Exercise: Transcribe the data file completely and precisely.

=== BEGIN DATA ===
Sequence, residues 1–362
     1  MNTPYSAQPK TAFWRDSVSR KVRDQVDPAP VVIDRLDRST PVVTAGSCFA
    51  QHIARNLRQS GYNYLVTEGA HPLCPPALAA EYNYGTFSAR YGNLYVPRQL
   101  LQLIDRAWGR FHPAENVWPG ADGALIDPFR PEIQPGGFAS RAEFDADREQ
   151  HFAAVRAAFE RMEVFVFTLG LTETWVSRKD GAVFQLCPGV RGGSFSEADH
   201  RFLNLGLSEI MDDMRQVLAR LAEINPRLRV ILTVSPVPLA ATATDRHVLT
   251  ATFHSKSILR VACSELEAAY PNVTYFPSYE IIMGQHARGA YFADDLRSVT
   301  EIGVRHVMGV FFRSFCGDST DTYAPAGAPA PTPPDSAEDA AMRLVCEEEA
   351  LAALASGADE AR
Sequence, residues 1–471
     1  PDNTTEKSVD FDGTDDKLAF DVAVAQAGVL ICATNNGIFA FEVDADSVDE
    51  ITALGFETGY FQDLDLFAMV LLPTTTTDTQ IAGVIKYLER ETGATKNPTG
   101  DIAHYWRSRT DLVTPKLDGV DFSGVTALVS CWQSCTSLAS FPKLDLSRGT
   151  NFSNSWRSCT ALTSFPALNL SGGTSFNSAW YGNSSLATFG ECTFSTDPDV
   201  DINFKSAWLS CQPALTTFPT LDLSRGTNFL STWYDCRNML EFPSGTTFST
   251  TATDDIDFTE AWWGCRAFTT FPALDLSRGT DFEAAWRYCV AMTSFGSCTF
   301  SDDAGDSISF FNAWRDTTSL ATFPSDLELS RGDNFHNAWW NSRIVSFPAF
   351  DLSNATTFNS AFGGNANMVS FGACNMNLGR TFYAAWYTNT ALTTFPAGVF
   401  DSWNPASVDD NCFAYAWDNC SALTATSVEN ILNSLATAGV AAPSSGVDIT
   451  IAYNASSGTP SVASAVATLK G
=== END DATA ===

Sequence, residues 1–362
     1  MNTPYSAQPK TAFWRDSVSR KVRDQVDPAP VVIDRLDRST PVVTAGSCFA
    51  QHIARNLRQS GYNYLVTEGA HPLCPPALAA EYNYGTFSAR YGNLYVPRQL
   101  LQLIDRAWGR FHPAENVWPG ADGALIDPFR PEIQPGGFAS RAEFDADREQ
   151  HFAAVRAAFE RMEVFVFTLG LTETWVSRKD GAVFQLCPGV RGGSFSEADH
   201  RFLNLGLSEI MDDMRQVLAR LAEINPRLRV ILTVSPVPLA ATATDRHVLT
   251  ATFHSKSILR VACSELEAAY PNVTYFPSYE IIMGQHARGA YFADDLRSVT
   301  EIGVRHVMGV FFRSFCGDST DTYAPAGAPA PTPPDSAEDA AMRLVCEEEA
   351  LAALASGADE AR
Sequence, residues 1–471
     1  PDNTTEKSVD FDGTDDKLAF DVAVAQAGVL ICATNNGIFA FEVDADSVDE
    51  ITALGFETGY FQDLDLFAMV LLPTTTTDTQ IAGVIKYLER ETGATKNPTG
   101  DIAHYWRSRT DLVTPKLDGV DFSGVTALVS CWQSCTSLAS FPKLDLSRGT
   151  NFSNSWRSCT ALTSFPALNL SGGTSFNSAW YGNSSLATFG ECTFSTDPDV
   201  DINFKSAWLS CQPALTTFPT LDLSRGTNFL STWYDCRNML EFPSGTTFST
   251  TATDDIDFTE AWWGCRAFTT FPALDLSRGT DFEAAWRYCV AMTSFGSCTF
   301  SDDAGDSISF FNAWRDTTSL ATFPSDLELS RGDNFHNAWW NSRIVSFPAF
   351  DLSNATTFNS AFGGNANMVS FGACNMNLGR TFYAAWYTNT ALTTFPAGVF
   401  DSWNPASVDD NCFAYAWDNC SALTATSVEN ILNSLATAGV AAPSSGVDIT
   451  IAYNASSGTP SVASAVATLK G